Oscar Ammon Kirkham , of the First Council of the
Seventy and executive secretary of the Y. M. M. I. A. for many years, was
born Jan. 22, 1880, in Lehi, Utah, the fourth child of nine born to James
Kirkham and Martha Mercer.
He was baptized Jan. 1, 1888, and filled a mission
to Germany in 1900-1903.
Upon his return he married on May 24, 1905 in the
Salt Lake Temple Miss Josephine Murdock. She would bless Elder Kirkham
with nine children.
Elder Kirkham was ordained a Seventy February 26,
1905 by Joseph W. McMurrin.
He graduated from the Brigham Young University in
Provo, Utah, then studied music in Berlin, Germany and taught school in
the Latter-day Saints University.
He was Scout Executive of Region 12, Boy Scouts of
America. During the International Boy Scout Jamboree, held at Artowe Park,
Birkenhead, England, in 1929, he was a member of the national staff, was
general morale officer and member of the program committee, and had charge
of the religious exercises of the American scouts and assisted in the general
supervision of the American contingent.
On October 5, 1941 Elder Kirkham was sustained to
the First Council of the Seventy at the age of sixty one He was set apart
by President Heber J. Grant.
In 1953 Elder Kirkham spoke in General Conference
of the importance of our youth, "As youth goes, so will civilization go.
Thus we must safeguard their future with noble example on the part of worthy
parents and leadership, with devoted personal attention, then our civilization
will continue to progress."
President Kirkham continued to serve in the First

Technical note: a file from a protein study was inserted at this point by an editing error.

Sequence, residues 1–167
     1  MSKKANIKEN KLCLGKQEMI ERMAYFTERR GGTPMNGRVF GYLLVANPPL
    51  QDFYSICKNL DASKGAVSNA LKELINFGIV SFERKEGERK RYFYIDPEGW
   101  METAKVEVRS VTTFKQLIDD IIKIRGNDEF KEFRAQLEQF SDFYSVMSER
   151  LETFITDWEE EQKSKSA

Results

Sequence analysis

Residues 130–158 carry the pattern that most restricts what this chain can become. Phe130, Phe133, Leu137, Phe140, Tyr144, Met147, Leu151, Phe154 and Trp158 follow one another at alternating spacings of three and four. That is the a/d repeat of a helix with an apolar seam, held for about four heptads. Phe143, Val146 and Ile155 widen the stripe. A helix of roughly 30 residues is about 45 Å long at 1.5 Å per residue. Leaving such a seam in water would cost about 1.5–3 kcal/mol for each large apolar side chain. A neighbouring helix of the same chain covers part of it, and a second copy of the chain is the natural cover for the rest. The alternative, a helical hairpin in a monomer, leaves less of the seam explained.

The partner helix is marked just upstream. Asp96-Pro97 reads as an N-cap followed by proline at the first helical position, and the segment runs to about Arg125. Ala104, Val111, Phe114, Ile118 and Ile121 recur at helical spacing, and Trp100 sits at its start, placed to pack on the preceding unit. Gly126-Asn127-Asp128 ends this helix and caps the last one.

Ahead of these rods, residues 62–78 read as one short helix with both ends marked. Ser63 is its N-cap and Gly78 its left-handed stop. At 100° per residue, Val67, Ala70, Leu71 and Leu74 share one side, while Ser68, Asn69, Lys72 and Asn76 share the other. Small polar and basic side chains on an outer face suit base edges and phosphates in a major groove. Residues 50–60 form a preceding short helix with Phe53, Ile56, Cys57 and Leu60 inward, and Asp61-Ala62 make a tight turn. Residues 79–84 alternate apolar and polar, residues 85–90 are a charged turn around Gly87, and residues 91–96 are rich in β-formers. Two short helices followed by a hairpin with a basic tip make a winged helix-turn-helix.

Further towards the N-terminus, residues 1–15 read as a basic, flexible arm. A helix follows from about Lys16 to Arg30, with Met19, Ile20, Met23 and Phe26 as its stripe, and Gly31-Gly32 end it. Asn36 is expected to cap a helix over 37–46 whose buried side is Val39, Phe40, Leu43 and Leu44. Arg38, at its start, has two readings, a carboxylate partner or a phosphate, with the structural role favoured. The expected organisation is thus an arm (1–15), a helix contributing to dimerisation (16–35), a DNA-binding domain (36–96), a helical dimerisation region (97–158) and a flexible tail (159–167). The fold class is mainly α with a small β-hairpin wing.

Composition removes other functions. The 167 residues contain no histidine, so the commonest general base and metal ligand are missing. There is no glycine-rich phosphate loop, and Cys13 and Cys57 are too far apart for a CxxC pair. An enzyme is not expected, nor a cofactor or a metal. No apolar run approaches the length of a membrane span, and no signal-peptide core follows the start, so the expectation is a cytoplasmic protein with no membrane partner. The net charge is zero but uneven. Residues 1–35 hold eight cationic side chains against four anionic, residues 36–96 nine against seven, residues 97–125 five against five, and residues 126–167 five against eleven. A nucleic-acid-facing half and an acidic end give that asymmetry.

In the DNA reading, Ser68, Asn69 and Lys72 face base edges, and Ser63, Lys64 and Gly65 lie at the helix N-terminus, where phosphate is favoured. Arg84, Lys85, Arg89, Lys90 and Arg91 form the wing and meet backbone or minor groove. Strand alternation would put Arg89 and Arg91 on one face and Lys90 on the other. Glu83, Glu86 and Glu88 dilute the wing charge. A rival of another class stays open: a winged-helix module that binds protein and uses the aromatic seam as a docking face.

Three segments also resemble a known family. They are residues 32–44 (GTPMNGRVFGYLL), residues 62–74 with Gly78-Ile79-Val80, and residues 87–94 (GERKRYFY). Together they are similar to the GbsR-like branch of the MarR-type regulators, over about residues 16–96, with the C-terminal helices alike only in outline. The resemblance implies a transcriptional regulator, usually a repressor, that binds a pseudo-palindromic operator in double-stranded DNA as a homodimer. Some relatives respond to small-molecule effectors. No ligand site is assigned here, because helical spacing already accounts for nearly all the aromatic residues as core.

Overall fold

Council of the Seventy until his death March 10, 1958 in Salt Lake City,
Utah. Sister Kirkham's death was mentioned in the Statistical Report for 1976.
Some years later Elder Cree-L
Kofford of the Seventy spoke of President Kirkham: "Oscar Kirkham was
one of the great men of the Church and among the Church's most respected
Scouters. He served in the First Council of the Seventy and was a significant
presence wherever he went. Often in meetings he would rise to a "point
of personal privilege" and then, when recognized, would proceed to say
something good about someone. Near the end of his life, he spoke briefly
at Brigham Young University on the theme "say the good word." On the morning
that Elder Kirkham died, Elder Marion D. Hanks was
invited to the Kirkham family home. There he was handed a small, inexpensive notebook in which
Elder Kirkham had kept his notes. The last two entries were: "Say the good
word" and "Your name is safe in our home" (see Marion
D. Hanks, foreword to Say the Good Word, by Oscar A. Kirkham ,